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Coronavirus

War-rooms and oxygen: India’s IT companies scramble to handle COVID-19 surge

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India’s giant IT firms in Bengaluru and other cities have set up COVID-19 “war-rooms” as they scramble to source oxygen, medicine and hospital beds for infected workers and maintain backroom operations for the world’s biggest financial firms.

Banks including Goldman Sachs and Standard Chartered , who run much of their global back office operations from large office parks in Bengaluru, Chennai or Hyderabad, have put in place the infrastructure to vaccinate thousands of employees and their families, when age restrictions are lifted on May 1.

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Workers at huge technology service providers Accenture and Wipro say teams are working 13-14 hours daily, under growing pressure and struggling to deliver on projects as staff call in sick and take time off to care for friends and relatives.

They play down any threat of a collapse in operations - but at stake if the surge continues is the infrastructure put in place by the world’s biggest financial companies in cost-cutting drives that have left them deeply-reliant on the big Indian offices.

“Employees have contracted COVID-19 since the second wave began, causing severe pressure for projects that are nearing deadlines,” said one employee at Accenture, asking not to be named because he was not authorized to speak to the media.

Five other sources at Accenture confirmed the growing issues with pressure of work. Accenture said it was providing some medical care and covering the cost of vaccinations for its employees but did not comment on the impact on productivity. Wipro did not immediately respond to requests for comment.

India’s second wave of infections has seen at least 300,000 people test positive each day for the past week, overwhelming healthcare facilities and crematoriums and driving an increasingly urgent international response.

Asia’s IT capital Bengaluru, desperate to calm a daily infection rate five times higher than in last year’s first wave, on Monday ordered a full lockdown that allows ordinary residents to leave their homes only briefly between 6am. and 10pm.

A man unloads empty oxygen cylinders for refill at an oxygen supply agency amidst rising Covid-19 coronavirus cases, in Siliguri on April 28, 2021. (File photo: AFP)
A man unloads empty oxygen cylinders for refill at an oxygen supply agency amidst rising Covid-19 coronavirus cases, in Siliguri on April 28, 2021. (File photo: AFP)

Local IT managers say they struggled to get global chiefs outside India to recognize the seriousness of the outbreak.

COVID-19 ‘war rooms’

India’s gigantic IT and call center service industry employs more than 4.5 million people directly and relies substantially on thousands of graduates under the age of 30.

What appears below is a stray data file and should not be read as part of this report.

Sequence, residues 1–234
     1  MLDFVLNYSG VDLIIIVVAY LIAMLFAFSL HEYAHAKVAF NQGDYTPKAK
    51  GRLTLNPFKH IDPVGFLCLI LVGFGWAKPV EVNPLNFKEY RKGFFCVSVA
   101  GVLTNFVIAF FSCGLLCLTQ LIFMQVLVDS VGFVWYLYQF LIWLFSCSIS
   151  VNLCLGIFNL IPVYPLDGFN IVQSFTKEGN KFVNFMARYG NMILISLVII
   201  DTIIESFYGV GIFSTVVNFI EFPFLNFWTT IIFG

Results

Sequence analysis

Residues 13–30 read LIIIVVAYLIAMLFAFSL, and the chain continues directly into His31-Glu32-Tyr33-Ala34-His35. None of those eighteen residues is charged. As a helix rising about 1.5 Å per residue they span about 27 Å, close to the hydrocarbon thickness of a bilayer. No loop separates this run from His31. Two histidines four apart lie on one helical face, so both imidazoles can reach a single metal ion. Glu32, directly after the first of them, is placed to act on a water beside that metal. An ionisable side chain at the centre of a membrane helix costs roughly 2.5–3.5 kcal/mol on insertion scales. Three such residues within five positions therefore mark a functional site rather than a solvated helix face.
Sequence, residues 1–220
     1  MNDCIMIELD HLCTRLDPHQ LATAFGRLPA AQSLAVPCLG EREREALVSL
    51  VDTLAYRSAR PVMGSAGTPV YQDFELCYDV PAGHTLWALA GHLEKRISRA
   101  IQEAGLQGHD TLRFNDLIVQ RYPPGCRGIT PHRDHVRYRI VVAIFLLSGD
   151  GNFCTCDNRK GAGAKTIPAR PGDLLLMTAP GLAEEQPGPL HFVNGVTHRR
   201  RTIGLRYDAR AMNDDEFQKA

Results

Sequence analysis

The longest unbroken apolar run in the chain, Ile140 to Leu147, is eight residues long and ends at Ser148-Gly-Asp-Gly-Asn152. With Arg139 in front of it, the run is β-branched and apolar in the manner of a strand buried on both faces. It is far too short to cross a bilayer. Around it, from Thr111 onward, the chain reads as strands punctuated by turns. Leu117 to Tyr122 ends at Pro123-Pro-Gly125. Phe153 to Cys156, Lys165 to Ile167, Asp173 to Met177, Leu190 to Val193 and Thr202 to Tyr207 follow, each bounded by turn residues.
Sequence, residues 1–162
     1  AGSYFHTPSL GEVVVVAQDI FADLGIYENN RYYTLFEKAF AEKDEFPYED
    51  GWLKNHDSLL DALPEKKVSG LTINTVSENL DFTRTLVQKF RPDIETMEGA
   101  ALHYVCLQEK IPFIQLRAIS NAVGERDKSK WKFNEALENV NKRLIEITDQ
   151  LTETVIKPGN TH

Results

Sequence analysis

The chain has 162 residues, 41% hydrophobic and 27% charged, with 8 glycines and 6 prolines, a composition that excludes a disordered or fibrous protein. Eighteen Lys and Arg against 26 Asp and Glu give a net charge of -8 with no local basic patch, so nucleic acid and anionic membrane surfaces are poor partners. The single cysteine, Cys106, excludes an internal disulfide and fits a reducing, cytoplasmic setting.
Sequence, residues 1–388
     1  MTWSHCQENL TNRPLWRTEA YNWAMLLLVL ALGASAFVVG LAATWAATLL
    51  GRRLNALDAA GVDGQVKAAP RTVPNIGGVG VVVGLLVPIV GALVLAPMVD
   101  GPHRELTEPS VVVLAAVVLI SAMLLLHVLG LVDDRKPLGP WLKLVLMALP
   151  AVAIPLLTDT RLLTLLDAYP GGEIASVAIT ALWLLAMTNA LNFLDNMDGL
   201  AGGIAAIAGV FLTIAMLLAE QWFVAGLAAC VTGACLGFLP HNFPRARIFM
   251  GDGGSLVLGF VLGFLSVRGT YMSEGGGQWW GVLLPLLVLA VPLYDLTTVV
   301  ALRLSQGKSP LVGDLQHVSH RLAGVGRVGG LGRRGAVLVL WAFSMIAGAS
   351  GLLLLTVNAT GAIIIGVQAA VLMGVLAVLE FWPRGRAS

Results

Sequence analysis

They are paid a fraction of western salaries and had largely ridden out the COVID-19 pandemic working from home until the relaxing of restrictions in recent months spurred companies to call more employees back to the office.

Managers at Goldman Sachs’ massive complex in Bengaluru, for example, told staff in early March to prepare to return to full-scale office working.

Chief Executive Officer David Solomon said then that the bank owed it to its incoming class of analysts and interns to have them come to work in offices for at least part of the summer.

The company quickly U-turned, sending all but essential employees home on March 27 as cases began to rise.

People with breathing problems due to the coronavirus disease (COVID-19) wait to receive oxygen support for free at a Gurudwara (Sikh temple) in Ghaziabad, India, April 27, 2021. REUTERS/Adnan Abidi
People with breathing problems due to the coronavirus disease (COVID-19) wait to receive oxygen support for free at a Gurudwara (Sikh temple) in Ghaziabad, India, April 27, 2021. REUTERS/Adnan Abidi

New strains of the virus have since sent India’s case numbers soaring to global records and brought more infections among younger Indians.

But all 15 of the large companies Reuters spoke to this week said that they now had vaccination schemes in place and several outlined COVID-19 “war-rooms” they had launched to support staff and secure oxygen and other supplies.

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“The problem was that those outside India were anxious not to be seen to be jumping the queue,” says a senior manager who runs a workforce of more than 600 staff at a global bank in Bengaluru, asking not to be named.

“The India CEO and others here said: we don’t care what it looks like, people are dying.”

Read more:

India’s COVID-19 death toll surpasses 200,000 mark: Official data

US officials pledge sustained response to India’s COVID-19 crisis

France will send ICU, medical aid to India to help with hospital supply shortages